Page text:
The biggest headline is the $10 billion that we invested in the Epidemiology and Laboratory Capacity (ELC) program at the CDC. That gave $10 billion to states to set up testing programs for schools and we have seen significant movement from states doing just that.

We’re building on that with the new announcement of the 5 million rapid antigen tests, as well as the expansion of capacity through Operation Expanded Testing to reach another 5 million [through PCR testing] with lab capacity each month.

So that $10 billion investment, those 5 million rapid tests and 5 million PCR tests, those are big numbers. I’m curious, what are the mechanics going on here? And what might some school leaders not understand that could be keeping them from accessing tests that are available to them?

Testing can be a challenging endeavor for schools, and schools have been asked to do a lot over the course of the pandemic. We’ve seen it as our charge to make it as easy as possible for schools to tap into resources.

With the news we announced last week, we have put out steps for schools to take right away. The first and foremost would be tapping into the state’s existing testing initiatives. Every state has something set up for K-12 COVID-19 testing and it varies by state how exactly it looks. But we have created a resource on the CDC website that is basically a directory of every state’s approach that the school can go onto right now and click to learn more about what their state is doing for K-12 testing. That page will lead them to how to get involved in their state’s program.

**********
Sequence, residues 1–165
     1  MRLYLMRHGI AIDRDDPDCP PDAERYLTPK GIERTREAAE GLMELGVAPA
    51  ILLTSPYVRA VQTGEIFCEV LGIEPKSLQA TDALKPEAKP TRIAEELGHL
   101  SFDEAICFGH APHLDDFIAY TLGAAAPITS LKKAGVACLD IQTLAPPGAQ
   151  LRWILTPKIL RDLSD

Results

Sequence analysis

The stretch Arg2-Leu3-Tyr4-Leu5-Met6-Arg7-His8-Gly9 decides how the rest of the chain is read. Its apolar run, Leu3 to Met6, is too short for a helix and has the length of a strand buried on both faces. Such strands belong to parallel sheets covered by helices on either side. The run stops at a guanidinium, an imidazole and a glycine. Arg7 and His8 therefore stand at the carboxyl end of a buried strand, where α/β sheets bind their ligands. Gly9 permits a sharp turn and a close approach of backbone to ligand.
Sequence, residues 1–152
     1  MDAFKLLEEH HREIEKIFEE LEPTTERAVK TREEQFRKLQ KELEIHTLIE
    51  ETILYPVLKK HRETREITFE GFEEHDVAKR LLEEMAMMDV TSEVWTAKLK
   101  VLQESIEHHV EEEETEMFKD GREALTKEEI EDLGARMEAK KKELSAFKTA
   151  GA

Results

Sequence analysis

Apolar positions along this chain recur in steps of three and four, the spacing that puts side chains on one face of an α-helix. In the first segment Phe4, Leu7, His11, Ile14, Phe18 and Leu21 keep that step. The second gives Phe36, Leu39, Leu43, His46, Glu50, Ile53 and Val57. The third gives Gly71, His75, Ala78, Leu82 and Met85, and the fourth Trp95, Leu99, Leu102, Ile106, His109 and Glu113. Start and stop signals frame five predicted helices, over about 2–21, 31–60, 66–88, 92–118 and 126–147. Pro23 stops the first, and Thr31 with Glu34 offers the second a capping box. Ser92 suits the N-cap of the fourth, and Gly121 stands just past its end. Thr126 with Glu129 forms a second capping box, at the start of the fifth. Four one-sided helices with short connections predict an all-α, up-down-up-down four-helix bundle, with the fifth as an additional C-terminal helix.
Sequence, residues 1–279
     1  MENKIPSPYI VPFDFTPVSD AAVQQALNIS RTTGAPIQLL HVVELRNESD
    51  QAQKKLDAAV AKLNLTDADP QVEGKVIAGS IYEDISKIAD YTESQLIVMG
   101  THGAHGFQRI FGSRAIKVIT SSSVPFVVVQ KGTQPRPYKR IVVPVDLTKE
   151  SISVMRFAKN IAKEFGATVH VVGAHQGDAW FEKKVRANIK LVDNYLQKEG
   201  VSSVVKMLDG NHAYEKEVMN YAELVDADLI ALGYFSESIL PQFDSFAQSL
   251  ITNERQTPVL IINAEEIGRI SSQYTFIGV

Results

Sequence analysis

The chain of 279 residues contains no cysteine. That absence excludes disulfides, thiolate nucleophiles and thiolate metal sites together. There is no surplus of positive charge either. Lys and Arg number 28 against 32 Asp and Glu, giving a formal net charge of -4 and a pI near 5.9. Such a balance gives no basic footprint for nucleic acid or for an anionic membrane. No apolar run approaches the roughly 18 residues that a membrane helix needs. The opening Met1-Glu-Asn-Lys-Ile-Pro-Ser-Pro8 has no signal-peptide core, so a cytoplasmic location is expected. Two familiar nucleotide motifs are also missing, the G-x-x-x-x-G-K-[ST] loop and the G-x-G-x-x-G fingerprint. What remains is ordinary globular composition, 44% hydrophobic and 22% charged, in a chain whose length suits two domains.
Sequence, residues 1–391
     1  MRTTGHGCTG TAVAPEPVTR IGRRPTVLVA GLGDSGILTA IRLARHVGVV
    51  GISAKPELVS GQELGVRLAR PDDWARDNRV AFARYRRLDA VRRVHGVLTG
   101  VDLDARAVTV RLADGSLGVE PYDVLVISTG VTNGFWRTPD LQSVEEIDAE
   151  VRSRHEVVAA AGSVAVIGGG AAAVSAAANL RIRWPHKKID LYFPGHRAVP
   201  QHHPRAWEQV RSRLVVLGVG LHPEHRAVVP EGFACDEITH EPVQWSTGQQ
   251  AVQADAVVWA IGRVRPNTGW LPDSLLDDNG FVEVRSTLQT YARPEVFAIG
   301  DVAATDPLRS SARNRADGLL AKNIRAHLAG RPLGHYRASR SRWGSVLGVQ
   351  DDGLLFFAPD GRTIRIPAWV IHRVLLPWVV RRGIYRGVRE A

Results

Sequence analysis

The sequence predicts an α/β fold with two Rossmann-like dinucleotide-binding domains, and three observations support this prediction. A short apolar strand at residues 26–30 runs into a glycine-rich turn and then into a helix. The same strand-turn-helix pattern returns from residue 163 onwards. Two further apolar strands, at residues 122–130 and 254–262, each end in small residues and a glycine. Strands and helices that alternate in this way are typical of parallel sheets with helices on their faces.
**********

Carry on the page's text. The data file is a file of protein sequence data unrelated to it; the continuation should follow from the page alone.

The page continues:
A screenshot from the CDC’s webpage on states’ school COVID testing programs.

If they want to make use of the 5 million antigen tests that we are now offering, those are usually requested by state health departments. And they are … submitting requests to the CDC for those (based on local need). But testing resources fueled by the $10 billion in ELC funds, those are available right now and schools can tap into those right away.

Operation Expanded Testing, which is the free lab-based (PCR) testing capacity that we offer as the federal government, that is also available and open for service right now. Schools can go online to the Operation ET website, click on the link for the regional hub, and they can begin the process right away … and can get started in as few as seven days after that.

We also want to remind all schools that they are able to also connect to other testing providers that operate in their state and use their ESSR [Elementary and Secondary School Emergency Relief Fund] dollars. So there’s $132 billion distributed through the American Rescue Plan for states and school districts. Testing is an allowable use of funds and we’ve seen many school districts [use] that funding stream to set up customized programs in their schools — and that’s been in large districts and in small districts.

That’s fantastic. And after the announcement earlier this month, what kind of responses did the U.S. Department of Education receive from K-12 leaders?

We’ve been getting a lot of interesting and exciting responses on testing. It kind of falls into a couple different categories.